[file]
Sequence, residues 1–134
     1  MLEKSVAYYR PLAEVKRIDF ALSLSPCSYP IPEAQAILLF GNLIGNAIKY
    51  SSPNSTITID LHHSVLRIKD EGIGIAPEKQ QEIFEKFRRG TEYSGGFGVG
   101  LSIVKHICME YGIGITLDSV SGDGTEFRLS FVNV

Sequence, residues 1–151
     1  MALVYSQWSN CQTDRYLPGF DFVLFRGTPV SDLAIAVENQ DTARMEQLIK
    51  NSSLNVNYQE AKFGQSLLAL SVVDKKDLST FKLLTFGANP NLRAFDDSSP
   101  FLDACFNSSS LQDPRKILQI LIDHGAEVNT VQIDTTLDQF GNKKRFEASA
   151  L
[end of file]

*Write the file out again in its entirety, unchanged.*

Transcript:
Sequence, residues 1–134
     1  MLEKSVAYYR PLAEVKRIDF ALSLSPCSYP IPEAQAILLF GNLIGNAIKY
    51  SSPNSTITID LHHSVLRIKD EGIGIAPEKQ QEIFEKFRRG TEYSGGFGVG
   101  LSIVKHICME YGIGITLDSV SGDGTEFRLS FVNV

Sequence, residues 1–151
     1  MALVYSQWSN CQTDRYLPGF DFVLFRGTPV SDLAIAVENQ DTARMEQLIK
    51  NSSLNVNYQE AKFGQSLLAL SVVDKKDLST FKLLTFGANP NLRAFDDSSP
   101  FLDACFNSSS LQDPRKILQI LIDHGAEVNT VQIDTTLDQF GNKKRFEASA
   151  L